Pat Higgins | Sports Editor
Last week, after 162 games of regular season play, the Pirates, Giants, Athletics and Royals faced off in a single-elimination Wild Card game here in Pittsburgh and Kansas City, respectively.
In 2012, former Commissioner Bud Selig implemented a one-game playoff to expand the pool of teams that qualify for the postseason. With only three division titles up for grabs in each league, the expanded playoff format essentially created a play-in game for the top two Wild Card contenders in the National and American Leagues.
It increased the number of playoff spots up for grabs, which creates a more exciting environment in the postseason chase. But as we saw last week, one game is not enough.
Last Wednesday, the Pirates faced the Giants in the National League’s rendition. The teams finished with identical 88-74 records. In front of a raucous crowd at PNC Park, Edinson Volquez got into trouble in the fourth inning and loaded the bases. Giants shortstop Brandon Crawford stepped into the box and pulled a hanging 2-1 curveball over the bleachers in right field to put the Giants out to an early 4-0 lead.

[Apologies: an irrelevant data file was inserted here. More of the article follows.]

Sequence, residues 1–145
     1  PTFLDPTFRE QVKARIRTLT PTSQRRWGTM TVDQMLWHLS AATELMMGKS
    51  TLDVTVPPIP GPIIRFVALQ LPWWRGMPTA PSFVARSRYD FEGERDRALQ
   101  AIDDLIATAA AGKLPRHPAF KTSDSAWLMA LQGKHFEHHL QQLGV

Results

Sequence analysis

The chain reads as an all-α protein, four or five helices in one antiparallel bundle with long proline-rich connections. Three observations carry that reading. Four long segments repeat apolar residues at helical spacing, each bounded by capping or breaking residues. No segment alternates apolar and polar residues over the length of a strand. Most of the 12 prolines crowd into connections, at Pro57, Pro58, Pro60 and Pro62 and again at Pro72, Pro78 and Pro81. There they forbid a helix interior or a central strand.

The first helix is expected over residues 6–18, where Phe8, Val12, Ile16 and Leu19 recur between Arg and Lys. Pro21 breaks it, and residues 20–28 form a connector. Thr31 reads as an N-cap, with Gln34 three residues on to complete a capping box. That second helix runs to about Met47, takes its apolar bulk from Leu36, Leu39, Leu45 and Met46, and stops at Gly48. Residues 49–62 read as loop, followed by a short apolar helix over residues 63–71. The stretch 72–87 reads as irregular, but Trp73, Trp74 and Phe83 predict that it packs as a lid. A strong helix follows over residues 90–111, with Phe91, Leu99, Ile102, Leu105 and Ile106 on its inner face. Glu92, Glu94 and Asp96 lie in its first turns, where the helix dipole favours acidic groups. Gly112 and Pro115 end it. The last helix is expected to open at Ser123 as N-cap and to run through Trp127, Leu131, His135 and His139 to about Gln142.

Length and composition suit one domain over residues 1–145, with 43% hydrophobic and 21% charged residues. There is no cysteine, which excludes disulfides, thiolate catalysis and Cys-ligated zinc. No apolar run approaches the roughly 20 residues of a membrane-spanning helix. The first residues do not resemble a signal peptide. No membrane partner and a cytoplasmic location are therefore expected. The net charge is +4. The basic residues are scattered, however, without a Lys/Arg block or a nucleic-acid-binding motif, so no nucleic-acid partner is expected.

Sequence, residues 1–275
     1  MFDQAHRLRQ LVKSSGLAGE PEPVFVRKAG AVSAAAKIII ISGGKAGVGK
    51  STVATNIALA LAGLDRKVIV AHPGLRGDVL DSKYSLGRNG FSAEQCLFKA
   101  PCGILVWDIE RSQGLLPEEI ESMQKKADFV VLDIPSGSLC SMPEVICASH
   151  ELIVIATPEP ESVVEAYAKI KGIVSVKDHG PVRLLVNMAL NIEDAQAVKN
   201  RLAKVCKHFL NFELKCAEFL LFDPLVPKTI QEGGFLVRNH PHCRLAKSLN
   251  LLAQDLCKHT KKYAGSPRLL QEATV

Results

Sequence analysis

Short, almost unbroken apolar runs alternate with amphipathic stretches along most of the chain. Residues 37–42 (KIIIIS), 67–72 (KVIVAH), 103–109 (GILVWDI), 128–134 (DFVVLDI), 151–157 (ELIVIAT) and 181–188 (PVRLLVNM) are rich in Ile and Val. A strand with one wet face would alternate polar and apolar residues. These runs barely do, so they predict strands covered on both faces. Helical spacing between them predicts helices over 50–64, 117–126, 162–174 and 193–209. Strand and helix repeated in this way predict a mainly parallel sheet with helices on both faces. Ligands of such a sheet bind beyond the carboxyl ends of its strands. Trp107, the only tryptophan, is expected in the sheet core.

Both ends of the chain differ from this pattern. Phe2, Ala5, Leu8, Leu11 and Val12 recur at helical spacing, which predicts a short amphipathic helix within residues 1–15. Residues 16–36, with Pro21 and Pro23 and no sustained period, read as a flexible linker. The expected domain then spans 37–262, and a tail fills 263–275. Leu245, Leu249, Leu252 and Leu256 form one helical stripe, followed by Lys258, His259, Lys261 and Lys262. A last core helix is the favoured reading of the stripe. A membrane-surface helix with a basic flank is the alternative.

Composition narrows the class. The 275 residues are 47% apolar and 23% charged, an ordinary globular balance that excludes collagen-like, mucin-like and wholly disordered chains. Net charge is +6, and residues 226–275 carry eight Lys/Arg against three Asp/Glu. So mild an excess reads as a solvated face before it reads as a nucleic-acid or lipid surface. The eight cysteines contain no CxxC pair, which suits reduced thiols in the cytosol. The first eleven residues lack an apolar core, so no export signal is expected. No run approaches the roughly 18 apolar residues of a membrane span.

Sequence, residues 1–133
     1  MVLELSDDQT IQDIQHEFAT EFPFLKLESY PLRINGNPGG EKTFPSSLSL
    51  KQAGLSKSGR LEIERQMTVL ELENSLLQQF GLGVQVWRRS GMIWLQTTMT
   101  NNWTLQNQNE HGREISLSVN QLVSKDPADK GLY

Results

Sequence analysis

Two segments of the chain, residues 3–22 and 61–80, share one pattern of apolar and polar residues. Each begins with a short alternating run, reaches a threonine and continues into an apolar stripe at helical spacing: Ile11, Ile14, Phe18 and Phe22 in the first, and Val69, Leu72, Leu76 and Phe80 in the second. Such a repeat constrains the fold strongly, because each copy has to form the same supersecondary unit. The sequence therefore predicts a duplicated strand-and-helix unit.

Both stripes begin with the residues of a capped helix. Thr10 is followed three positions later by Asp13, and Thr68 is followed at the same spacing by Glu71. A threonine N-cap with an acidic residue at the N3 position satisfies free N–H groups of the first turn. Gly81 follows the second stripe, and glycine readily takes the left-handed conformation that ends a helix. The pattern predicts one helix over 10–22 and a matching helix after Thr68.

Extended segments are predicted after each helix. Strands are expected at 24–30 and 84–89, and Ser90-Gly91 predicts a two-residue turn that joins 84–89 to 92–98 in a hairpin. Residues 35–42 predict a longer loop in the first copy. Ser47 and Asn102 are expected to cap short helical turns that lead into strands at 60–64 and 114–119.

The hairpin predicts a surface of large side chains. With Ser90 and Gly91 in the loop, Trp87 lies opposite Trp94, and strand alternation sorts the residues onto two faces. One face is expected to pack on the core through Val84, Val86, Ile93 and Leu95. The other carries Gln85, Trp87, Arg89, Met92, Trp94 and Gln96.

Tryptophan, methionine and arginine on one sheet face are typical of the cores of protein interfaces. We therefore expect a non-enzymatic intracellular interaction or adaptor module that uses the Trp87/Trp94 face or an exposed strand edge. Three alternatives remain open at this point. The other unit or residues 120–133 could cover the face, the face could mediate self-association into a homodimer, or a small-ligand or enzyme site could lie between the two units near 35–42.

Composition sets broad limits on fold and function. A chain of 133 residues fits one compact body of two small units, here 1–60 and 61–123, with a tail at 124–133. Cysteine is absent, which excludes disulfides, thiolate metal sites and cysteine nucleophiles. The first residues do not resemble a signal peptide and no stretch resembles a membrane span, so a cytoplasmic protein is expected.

Starter Madison Bumgartner cruised from there, tossing a complete game shutout. The Giants ended Buctober before it could even begin.
On Thursday, the Athletics and Royals battled to the 12th inning to provide an outstanding distraction from Thursday Night Football. The Royals battled back from a 7-3 deficit in the bottom of the 8th inning and entered the 9th down only 7-6. Pinch runner Jarrod Dyson stole third with one out and made it home on a sacrifice fly shortly after to tie the game at 7.
From there, the top two teams not to win division crowns battled to the 12th inning. The A’s once again took the lead in the top of the frame, but the Royals proved resilient when it was their turn to bat. Christian Colon tied the game on an infield single. Two batters later, Salvador Perez yanked a hanging slider down the third base line to push Kansas City into the Division Series.
The point of all this: players and teams battle through a 162-game marathon each season. After all that, the Pirates and Giants finished with the same record, while Kansas City finished just a game better than Oakland. The Giants took care of the Buccos in the allotted nine innings, but the Royals-A’s result is just begging for a three-game series.
As we’ve seen so far in the 2014 postseason, every at-bat matters. The Royals needed every one of their 27 outs to tie the Athletics and send the game to extra innings.
Major League Baseball has nothing to lose in adding another game or two in the Wild-Card round. Teams are evenly matched enough to warrant the move. Owners have nothing but ticket revenue to gain from guaranteeing at least one home game in this newly-proposed Wild Card round of three. Fans surely won’t have a problem with the prospect of guaranteed postseason drama.
The rule change in 2012 was progressive, but as the A’s and Royals showed last Thursday, nine innings is not enough.